Wildlife Problems and Trapping Information:
- Trapping Rules, Trap Rental Agreement
- Common Wildlife Sightings in Grand Prairie
- Trap-Neuter-Return Program for Feral Cats
How to Avoid Wildlife Problems
Many types of wildlife are attracted to our yards because food is plentiful and easy to obtain. Being aware of your potential contribution to this environment helps reduce nuisance animal incidents in your area.
Avoid feeding wild animals, including birds. Birdseed attracts rats and other rodents, a known food source for predators like coyotes.
Feed your pet indoors at all times. Dog and cat food left outdoors attracts a variety of wild animals, from skunks to coyotes. Feeding your pet outdoors may also make them vulnerable to wildlife attacks.
Secure your trash and trash cans. Don’t place trash outside overnight or the day before pickup. Keep your garbage in your garage or in a secure trash can (not plastic bags) until the morning of pickup.
Pick up any fruits or vegetables at ground level; various wild animals enjoy these types of food.
Keep your pets inside and under your control at all times. An animal allowed to roam off-leash, even in your front yard, presents an easy meal for a predator.
Spay or neuter your pet. Coyotes are attracted by the scent of female dogs in heat, just as unsterilized male dogs may be lured by female coyote scents. View low cost pet vaccination options.
Clean your property to remove overgrowth and underbrush. This helps eliminate nesting or denning sites for wildlife.
Add lighting to your backyard. Wild animals tend to avoid well-lit areas at night.
Avoid using mothballs and ammonia as a deterrent. In many cases, the scents are so close to animal urine that they attract animals. Also avoid using coyote urine to deter other animals.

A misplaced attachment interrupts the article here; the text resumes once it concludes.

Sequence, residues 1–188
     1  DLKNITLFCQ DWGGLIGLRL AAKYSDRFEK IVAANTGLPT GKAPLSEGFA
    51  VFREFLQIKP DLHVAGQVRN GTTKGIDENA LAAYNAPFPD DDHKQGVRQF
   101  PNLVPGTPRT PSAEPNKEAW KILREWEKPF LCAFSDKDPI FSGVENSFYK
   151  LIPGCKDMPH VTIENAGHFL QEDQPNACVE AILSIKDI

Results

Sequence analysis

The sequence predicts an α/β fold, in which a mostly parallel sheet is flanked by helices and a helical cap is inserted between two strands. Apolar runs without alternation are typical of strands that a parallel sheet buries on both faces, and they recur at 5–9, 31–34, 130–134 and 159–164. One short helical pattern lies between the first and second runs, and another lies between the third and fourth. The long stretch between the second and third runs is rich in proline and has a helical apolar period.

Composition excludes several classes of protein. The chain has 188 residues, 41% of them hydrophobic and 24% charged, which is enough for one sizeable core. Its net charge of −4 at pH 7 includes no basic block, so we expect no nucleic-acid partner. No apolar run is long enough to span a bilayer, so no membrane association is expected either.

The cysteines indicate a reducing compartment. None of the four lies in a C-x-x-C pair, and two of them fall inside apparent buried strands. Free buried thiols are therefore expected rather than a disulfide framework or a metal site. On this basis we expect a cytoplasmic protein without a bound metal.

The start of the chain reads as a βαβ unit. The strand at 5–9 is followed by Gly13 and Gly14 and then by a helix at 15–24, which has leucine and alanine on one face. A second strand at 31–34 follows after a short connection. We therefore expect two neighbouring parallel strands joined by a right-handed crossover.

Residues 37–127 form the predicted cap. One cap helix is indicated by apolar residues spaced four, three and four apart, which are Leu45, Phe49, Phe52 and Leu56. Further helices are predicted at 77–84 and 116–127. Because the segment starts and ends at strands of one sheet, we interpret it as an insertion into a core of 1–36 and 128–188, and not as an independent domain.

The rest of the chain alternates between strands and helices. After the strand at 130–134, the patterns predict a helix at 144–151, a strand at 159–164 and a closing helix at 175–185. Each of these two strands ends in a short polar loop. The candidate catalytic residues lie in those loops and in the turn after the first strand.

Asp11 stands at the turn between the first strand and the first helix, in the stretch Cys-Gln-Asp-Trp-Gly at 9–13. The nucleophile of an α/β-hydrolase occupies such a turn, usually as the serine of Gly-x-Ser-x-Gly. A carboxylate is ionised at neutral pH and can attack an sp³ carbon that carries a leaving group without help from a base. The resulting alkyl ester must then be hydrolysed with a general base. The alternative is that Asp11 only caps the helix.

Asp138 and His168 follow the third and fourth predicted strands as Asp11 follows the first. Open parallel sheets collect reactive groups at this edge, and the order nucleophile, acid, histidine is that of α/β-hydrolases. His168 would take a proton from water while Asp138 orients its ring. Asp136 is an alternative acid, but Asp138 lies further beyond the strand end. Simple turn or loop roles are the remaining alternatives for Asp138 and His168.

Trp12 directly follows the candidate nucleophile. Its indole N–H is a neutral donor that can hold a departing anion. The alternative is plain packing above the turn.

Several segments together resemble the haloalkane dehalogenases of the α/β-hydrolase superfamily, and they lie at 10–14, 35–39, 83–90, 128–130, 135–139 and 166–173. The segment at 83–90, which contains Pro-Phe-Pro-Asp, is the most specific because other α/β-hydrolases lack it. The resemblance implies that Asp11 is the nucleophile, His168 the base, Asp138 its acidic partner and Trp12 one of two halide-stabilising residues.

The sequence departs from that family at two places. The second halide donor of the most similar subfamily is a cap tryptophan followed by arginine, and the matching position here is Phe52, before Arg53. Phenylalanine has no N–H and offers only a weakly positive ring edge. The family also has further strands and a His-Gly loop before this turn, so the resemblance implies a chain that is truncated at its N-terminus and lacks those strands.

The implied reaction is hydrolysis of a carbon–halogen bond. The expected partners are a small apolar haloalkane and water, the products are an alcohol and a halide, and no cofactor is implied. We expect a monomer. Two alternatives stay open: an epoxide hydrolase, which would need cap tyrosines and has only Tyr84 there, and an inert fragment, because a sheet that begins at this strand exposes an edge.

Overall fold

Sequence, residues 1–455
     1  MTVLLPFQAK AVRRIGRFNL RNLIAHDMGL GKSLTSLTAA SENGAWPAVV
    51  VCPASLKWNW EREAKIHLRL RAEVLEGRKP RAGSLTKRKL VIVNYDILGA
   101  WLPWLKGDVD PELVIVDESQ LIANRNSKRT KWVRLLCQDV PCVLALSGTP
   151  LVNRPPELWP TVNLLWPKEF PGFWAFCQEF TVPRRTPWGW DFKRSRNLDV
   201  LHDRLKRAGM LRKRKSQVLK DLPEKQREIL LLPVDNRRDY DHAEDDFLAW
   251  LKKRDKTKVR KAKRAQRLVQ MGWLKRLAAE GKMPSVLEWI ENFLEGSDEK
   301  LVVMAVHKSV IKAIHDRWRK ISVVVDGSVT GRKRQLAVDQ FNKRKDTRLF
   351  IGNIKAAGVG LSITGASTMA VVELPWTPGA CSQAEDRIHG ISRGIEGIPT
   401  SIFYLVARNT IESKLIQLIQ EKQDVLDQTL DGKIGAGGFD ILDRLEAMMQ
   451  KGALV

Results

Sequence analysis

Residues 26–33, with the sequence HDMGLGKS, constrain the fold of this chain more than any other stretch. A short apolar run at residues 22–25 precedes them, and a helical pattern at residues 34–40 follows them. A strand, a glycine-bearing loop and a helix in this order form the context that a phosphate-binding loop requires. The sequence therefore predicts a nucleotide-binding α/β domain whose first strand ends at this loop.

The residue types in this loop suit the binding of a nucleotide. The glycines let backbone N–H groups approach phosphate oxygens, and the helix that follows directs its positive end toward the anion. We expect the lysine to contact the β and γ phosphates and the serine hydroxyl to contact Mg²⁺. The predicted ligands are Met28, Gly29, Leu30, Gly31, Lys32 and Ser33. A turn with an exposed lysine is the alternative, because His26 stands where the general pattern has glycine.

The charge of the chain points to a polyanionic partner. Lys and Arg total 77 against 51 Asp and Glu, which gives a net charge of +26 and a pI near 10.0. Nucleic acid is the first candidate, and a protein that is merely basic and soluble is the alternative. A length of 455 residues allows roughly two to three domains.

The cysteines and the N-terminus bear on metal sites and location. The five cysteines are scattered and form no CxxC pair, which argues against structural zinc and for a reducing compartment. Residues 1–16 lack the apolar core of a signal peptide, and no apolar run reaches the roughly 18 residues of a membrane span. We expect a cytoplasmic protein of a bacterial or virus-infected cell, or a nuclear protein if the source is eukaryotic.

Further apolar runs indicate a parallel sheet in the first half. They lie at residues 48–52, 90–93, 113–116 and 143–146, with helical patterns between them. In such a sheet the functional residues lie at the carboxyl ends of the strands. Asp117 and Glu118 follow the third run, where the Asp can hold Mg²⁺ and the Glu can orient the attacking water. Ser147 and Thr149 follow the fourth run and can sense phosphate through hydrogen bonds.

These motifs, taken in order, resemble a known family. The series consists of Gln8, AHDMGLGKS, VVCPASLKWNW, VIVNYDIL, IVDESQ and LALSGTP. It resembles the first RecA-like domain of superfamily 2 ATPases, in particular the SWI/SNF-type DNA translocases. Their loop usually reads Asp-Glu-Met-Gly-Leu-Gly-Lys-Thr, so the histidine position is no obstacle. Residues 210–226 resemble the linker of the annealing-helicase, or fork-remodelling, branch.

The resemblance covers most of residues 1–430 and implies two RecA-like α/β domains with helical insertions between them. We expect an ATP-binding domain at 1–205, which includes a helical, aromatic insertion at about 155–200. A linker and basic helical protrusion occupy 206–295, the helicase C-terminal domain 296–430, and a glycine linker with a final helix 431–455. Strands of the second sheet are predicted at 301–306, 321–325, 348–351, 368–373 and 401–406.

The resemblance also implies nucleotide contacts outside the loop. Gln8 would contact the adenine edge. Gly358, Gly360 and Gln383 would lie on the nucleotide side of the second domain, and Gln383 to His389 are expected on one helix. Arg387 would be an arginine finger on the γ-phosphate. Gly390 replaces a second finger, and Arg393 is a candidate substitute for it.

Cover crawlspace and attic openings. Use heavy gauge, rustproof wire mesh (not chicken wire).
Carefully inspect your eaves and other areas where the roof and house join. Repair deteriorating boards, warped siding and loose shingles.
If you have a chimney, make sure that it has a secure cap. Chimneys without caps are open invitations to raccoons looking for "hollow trees" in which to give birth and raise their young.
If you have a deck, you can prevent animals from digging underneath it by creating an L-shaped barrier. Attach heavy gauge wire mesh to the base of the deck, sink it six inches into the ground, bend it 90 degrees away from the deck for 12 inches and then cover it with soil.
Trap-Neuter-Return Program for Feral Cats
Trap-Neuter-Return (TNR) decreases stray and feral cat populations without harming cats. Accomplished through a partnership between feral cat colony sponsors and caretakers and the city, TNR involves (1) trapping all or most of the cats in a colony, (2) getting them sterilized and (3) releasing them. Cats returned to the wild are tagged on the ear to identify them as sterilized. View Trap-Neuter-Return Program FAQ Page.